Finn Johannsen – Modyfier Process 321

Posted: September 6th, 2012 | Author: | Filed under: Mixes | Tags: , , | No Comments »

For the majority of releases in club music history, rhythm is a crucial ingredient. Two of the labels included in this mix even proudly carry it in their brand names – Strictly Rhythm & Rhythm Beat. But, in most of the said releases, rhythm is the backbone, the carrier for other sounds that establish the groove – basslines, keyboards, pads, vocals etc. Yet, the rhythm is prominently dictating the pace, taking turns and breaks, sometimes even shifting in tempo. Especially in the late 80’s to early 90’s, House and Techno often had music on a record’s tracklist that was originally destined only for skillful DJs – bonus beats, rhythm tracks, instrumental versions. Some only formed a reprise of the original material, taking up some of its key sounds for mixing double copies into little symphonies. Some were only the rhythmic skeleton of the original, displaying little more than beats, claps, percussion. Most of them were only a small portion of the original track in terms of length as well. Then there were original tracks that were just interested in being rhythm and not much else. Reducing a track to its very basics in the process, and neglecting the musical elements that, in most ears. make a track a TRACK. For some, that might be too little to attract attention, but for others, that might be all that matters. If well programmed and arranged, pure rhythm is just that: something pure. Something engaging, too. Something that can knock you out of your natural habits of listening. Something that urges you to move. Something where the rhythm is just a part of the whole picture.

While I went through my shelves recently to select records for a gig, I stumbled upon several records that had: a) basic rhythm tracks in a DJ tool sense b) tracks that were just made out of rhythmic elements or c) bonus beats and versions of regular dance tracks. Some of these tracks were just astounding, even if they did not much more than show what then young kids could jam together with their Rolands, or showing off that their tracks were still extraordinary with all the juicy bits and arrangements left out. It struck me that such tracks still exist, but way less than before. In some cases, producers may not want to spread out their ideas for tracks that only few people use or listen to, and DJs may not require it any longer anyway, because they can extract every element of a track with software and loop it into infinity if they want to, without even setting their drink aside. This mix, however, is not for showing how you make extended versions with bonus beats, or how you beef up a track with a different rhythm tool underneath. It is a tribute to the bonus beats and rhythm tracks on their own. That beatin’ rhythm Richard Temple once sang about in a revered Northern Soul song, albeit without hearing a drummer get wicked, but a drum machine.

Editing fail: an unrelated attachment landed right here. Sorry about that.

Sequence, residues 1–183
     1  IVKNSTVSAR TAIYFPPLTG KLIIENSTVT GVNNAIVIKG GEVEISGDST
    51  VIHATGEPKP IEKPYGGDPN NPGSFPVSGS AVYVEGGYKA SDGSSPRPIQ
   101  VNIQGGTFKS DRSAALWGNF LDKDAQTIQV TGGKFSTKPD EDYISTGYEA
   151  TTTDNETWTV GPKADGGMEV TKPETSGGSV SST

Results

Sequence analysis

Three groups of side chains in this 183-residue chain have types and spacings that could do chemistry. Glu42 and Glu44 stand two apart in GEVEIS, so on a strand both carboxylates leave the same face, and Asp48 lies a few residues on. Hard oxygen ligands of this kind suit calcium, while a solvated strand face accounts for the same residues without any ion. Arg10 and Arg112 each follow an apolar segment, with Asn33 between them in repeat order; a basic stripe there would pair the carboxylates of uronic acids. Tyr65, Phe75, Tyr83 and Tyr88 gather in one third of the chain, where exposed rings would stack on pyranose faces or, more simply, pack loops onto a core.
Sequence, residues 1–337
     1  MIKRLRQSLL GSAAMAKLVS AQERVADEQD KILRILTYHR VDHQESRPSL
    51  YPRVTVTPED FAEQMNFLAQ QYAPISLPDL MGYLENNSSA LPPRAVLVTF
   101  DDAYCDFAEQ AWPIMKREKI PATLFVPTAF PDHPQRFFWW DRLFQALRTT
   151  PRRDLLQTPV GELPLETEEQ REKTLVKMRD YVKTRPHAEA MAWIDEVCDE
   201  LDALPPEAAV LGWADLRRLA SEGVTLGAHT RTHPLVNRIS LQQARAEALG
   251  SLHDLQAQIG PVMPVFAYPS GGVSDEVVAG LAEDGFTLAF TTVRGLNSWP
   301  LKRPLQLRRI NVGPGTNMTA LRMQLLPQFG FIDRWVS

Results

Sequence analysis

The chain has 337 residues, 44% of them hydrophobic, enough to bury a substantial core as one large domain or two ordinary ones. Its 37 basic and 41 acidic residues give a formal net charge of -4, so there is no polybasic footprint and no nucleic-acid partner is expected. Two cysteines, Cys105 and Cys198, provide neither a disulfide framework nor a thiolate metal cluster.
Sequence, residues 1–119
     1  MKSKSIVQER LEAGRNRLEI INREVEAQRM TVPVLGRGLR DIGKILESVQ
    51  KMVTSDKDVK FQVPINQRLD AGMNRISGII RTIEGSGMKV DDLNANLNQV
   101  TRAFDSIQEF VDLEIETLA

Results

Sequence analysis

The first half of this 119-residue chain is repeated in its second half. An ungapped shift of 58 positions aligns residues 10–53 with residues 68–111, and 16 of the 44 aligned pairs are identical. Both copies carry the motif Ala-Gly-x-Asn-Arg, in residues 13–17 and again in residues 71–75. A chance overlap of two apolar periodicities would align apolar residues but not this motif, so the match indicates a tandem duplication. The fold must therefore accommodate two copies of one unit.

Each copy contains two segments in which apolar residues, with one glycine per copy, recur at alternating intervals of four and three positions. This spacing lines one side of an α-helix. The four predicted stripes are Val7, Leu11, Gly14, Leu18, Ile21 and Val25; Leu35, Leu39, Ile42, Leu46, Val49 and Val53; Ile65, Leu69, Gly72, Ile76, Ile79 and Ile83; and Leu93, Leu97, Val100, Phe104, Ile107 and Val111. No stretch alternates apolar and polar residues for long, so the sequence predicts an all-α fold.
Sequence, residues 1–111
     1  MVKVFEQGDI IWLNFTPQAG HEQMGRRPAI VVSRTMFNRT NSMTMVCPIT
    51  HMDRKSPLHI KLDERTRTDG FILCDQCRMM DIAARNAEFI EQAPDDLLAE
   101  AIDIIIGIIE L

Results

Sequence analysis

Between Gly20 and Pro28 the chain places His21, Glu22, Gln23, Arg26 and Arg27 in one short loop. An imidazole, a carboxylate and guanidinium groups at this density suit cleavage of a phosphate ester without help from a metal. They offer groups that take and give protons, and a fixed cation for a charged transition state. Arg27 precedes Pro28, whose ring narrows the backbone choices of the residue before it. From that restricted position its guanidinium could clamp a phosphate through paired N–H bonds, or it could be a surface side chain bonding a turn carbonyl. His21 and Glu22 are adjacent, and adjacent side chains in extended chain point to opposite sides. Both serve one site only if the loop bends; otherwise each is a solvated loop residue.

There are enough great tracks around to record several sequels to this mix, and it is well worth digging for your own personal favourites. I might do a sequel with just the acapellas I found in the process. But that’s another story.

More info here

Leave a Reply